"I was here in Vegas and that was before the Internet, so I didn't read what was being said back there.
"I got a taste of it when I came back to Wrigley and they booed me pretty good.
"They were so mad that when I hit a foul ball, they threw it back. I couldn't hit a home run, so they threw back foul balls," Maddux laughed. "I was talking to the catcher and we were just hoping they didn't throw them at us."
It took Maddux by surprise, but getting shoved out the door only served to focus the Braves' new ace.
"It was good motivation. You always look for reasons to pitch well," Maddux said. "I used it to find out how good I could be. I wanted to prove to Larry Himes that he made a mistake."
Four straight Cy Youngs and 194 wins in Atlanta certainly made his point, but Maddux was long over it, thinking of himself as a Brave, not a Cub, when he got the chance in 2004 to bury the hatchet and return to Chicago.
"You know, time heals everything and I was glad I got that opportunity to come back," Maddux said. "I feel like I was pretty fortunate to have six good years in Chicago to start my career. Would I have liked to stay? Yeah, obviously.
"I never wanted to leave, but I'm very grateful the Cubs drafted me and gave me the opportunity to play this game.
"What happened at the end of '92 in no way tarnishes my baseball career in Chicago."
There was a report last year that if his brother Mike had taken the Cubs' managing job last fall that Greg would have come back again as pitching coach.
"Not even close to true," Maddux said. "I'm not ready to go all in and never said I would do that.
"My son has still got some growing up to do, and I want to be a part of that. I love the part-time thing."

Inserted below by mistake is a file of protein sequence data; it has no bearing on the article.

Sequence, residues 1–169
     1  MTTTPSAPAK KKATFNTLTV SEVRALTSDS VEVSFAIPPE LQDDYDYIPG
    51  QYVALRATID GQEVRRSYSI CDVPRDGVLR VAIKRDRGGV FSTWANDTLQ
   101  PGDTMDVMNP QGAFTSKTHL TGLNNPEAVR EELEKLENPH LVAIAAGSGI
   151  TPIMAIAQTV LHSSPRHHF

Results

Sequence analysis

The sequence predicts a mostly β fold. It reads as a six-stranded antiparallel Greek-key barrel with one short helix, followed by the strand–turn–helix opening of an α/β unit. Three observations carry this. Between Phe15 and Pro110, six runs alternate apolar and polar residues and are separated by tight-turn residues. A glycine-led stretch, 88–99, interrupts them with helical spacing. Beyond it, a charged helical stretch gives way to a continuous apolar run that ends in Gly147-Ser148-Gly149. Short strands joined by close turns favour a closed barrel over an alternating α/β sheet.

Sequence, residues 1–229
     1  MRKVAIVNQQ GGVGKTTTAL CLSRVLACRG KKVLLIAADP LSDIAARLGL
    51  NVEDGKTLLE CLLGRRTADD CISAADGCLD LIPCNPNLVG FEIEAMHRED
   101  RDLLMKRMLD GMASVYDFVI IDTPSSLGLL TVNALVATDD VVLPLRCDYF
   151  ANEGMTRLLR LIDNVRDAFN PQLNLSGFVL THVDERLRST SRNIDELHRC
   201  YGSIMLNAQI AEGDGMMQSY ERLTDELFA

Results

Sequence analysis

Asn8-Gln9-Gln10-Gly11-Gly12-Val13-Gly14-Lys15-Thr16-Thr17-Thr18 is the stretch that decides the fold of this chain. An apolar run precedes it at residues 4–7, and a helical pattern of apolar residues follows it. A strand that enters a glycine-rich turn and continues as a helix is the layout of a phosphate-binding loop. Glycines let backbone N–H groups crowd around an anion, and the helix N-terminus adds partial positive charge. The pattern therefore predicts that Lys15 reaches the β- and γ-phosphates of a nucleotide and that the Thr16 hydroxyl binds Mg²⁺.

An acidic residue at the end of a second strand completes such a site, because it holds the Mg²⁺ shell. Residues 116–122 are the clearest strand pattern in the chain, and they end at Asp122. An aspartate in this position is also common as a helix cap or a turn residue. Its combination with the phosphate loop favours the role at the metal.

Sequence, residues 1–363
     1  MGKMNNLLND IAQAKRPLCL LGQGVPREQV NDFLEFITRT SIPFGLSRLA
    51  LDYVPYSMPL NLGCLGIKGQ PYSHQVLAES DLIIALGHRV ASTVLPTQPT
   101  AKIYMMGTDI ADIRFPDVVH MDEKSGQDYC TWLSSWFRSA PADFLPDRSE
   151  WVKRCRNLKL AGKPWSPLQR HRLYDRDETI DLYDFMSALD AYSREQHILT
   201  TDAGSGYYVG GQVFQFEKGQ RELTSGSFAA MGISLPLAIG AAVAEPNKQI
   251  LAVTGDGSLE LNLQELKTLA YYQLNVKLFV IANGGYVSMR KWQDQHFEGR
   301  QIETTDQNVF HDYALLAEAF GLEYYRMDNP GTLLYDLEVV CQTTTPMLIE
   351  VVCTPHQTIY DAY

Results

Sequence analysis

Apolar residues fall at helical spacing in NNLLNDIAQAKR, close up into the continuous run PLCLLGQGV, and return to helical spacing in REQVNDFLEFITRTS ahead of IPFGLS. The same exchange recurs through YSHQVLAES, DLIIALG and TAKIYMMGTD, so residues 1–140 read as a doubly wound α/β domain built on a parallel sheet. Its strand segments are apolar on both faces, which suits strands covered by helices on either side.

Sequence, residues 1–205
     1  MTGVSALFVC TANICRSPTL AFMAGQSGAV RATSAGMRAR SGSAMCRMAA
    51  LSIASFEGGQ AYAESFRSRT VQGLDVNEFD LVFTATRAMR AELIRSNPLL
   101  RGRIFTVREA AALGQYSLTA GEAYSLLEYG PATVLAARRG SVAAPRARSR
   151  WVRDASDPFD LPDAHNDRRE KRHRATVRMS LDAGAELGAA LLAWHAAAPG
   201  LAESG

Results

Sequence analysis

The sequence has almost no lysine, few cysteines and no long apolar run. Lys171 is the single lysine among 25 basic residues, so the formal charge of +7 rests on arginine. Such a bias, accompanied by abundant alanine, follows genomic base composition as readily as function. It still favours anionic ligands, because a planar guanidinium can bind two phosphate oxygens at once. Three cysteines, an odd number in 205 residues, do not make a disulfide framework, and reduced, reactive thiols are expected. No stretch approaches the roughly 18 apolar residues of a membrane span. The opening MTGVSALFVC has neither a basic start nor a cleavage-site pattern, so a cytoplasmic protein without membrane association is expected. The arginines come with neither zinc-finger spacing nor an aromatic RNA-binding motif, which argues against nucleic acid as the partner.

His daughter Paige is now in college and son Chase is a high school sophomore, but Maddux doesn't see full-time coaching anywhere in his future.
He's got a dream life, with as much golf as a human can handle, he teaches his son to pitch and play golf, he dabbles in baseball with the Texas Rangers, and he'll be the pitching coach for Team USA in the World Baseball Classic in a couple of months.
"I don't see myself ever doing it every day, but I guess you never know," Maddux said. "I do enjoy being around the players and being in the game part time. I'm looking forward to seeing how the WBC thing goes.
"I have tremendous respect for how my brother coaches and manages his pitchers and I love being around that coaching staff. The atmosphere reminds me a lot of Atlanta, where winning is expected and how they go about it."
Maddux knows a little bit about winning. His 355 victories are eighth all time, and in his first Hall of Fame chance one year from now he could be among the highest vote getters of all time.
Anything less than 95 percent would be surprising, though only 12 players have hit 95 percent or more. Tom Seaver tops the list at 98.84.
"Up until now I haven't given it much thought, but with the voting getting talked about so much right now, you kind of think about how your class is next," Maddux said. "I just hope I get enough votes to get in. You never know how people are going to vote."
Classic Maddux, never giving away too much, never revealing more than necessary.
That hasn't changed at all in 20 years.